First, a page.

Equation (1.1) is fundamental to kinematics.Knowing the law of motion,one can determine any parameter of motion. What are parameters of motion? They are the physical quantities characterizing the motion.Mainly acceleration and velocity.

Broadly speaking, problems in kinematics can be classified as direct and indirect[Actually all sorts of problems be it physical or mathematical or... can be classified as direct and indirect.]The direct problem of Kinematics consists in finding any physical quantity characterizing the motion of the particle from the law of motion.In such problems, the law of motion is known or is given in the question itself.It is solved by consistently using the basic laws of kinematics (1.1)- (1.3)

The indirect problem of kinematics consists in determining the law of motion from other parameters of motion(velocity acceleration,etc.).That means anything but equation (1.1) is given and from what is given or known we have to determine equation (1.1).

[Attempt only if you are quite experienced with Calculus and Vectors ]

Can you derive the following equations by concepts discussed here?Suppose the acceleration of the particle is 'a' and remains constant.The velocity at time 0 be 'u' and the velocity at time 't' be ' v'.The particle is moving along the x-axis.


\[x=ut+\frac { 1 }{ 2 } a{ t }^{ 2 }\]

\[{ v }^{ 2 }={ u }^{ 2 }+2ax\]

Next post within 10/31/2014.Stay tuned.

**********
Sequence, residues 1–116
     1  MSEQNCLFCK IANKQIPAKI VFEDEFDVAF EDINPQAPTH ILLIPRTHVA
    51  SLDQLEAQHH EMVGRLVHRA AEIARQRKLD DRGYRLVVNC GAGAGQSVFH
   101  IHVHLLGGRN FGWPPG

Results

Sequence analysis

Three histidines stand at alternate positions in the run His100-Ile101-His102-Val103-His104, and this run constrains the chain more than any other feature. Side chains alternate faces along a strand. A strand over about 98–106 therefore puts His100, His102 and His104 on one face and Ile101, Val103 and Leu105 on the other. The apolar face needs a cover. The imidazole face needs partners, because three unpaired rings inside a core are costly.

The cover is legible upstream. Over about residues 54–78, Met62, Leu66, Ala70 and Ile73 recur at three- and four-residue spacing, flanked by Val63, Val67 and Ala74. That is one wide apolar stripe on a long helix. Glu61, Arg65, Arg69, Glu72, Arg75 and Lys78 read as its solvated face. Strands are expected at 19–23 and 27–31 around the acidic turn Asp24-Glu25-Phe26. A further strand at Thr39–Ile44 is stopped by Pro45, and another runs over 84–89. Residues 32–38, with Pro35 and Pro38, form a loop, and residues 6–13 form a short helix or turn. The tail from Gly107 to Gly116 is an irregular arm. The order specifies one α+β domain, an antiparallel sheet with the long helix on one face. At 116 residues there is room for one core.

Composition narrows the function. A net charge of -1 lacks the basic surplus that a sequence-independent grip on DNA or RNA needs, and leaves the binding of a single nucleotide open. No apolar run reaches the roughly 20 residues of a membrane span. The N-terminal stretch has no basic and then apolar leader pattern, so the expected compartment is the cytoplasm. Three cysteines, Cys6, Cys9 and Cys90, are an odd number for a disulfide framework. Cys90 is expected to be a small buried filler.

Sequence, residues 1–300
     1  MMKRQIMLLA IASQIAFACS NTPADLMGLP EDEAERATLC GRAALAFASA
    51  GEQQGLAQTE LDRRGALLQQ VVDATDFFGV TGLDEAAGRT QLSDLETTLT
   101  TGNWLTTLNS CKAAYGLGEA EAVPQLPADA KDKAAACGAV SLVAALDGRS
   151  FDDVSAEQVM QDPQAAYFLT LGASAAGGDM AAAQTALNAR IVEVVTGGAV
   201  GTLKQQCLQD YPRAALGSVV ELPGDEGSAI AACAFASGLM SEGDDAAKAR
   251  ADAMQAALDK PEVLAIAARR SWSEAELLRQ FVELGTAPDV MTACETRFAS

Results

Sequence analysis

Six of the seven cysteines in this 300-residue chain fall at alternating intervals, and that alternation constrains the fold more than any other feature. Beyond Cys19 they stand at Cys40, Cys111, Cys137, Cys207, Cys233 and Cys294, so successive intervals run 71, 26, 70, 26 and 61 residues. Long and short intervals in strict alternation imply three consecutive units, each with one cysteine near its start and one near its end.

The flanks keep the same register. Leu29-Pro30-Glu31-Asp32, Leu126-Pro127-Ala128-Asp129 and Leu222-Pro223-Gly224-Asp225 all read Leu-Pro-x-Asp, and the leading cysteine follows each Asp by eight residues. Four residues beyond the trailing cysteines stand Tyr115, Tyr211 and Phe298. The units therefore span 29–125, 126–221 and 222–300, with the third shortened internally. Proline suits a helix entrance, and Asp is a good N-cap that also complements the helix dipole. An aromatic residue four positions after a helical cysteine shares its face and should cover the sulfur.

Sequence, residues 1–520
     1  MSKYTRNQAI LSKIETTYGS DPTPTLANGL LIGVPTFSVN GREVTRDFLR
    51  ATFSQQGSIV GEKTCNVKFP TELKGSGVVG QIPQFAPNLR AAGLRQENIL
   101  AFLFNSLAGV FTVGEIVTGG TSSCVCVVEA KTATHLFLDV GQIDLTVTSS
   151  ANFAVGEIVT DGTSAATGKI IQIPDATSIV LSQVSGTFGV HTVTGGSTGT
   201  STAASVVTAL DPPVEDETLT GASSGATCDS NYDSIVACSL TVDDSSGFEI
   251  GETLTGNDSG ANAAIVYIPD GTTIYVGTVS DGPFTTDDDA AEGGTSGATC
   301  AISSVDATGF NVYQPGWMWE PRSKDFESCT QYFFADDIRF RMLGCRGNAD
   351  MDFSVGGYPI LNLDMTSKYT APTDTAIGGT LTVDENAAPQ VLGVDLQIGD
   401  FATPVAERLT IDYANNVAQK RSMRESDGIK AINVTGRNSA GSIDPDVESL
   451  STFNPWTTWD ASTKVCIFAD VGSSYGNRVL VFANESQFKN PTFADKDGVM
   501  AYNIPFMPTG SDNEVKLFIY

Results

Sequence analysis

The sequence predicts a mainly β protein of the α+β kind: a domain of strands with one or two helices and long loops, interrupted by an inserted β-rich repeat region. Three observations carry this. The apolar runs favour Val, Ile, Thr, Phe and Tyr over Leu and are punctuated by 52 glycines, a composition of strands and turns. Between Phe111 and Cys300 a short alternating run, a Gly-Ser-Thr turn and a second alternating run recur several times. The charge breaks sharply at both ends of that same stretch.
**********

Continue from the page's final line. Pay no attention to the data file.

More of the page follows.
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Note by Soumo Mukherjee
1 year, 12 months ago

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Hm, what is precisely the law of motion? I'm familiar with Newton's Laws of Motion, but not with any "law of motion" in particular. Anyway, above statements can be derived easily as follows:

First, we know that velocity is the rate of change of position with respect to time; and, acceleration is the rate of change of velocity with respect to time. So, if we're given acceleration, all we need to ask is: "Derivative of what with respect to time will give me this [whatever "this" may be - that is given]?" This question is also known as the antiderivative, or the INTEGRAL:


Now, if we're given that the acceleration is constant and is defined as \(a\), we can proceed:


Now \(C\) here is actually the initial velocity, commonly expressed as \(v_0\). The initial velocity is simply the velocity before the object's motion is taken into account - or, at \(t=0\) (and "before taken into account" simply implies that, for example, if we observe a bell being thrown up with some sort of velocity, we only care for the velocity after it is released, and not for any zig-zag arm movements along the ball before) - and hence \(v_0\).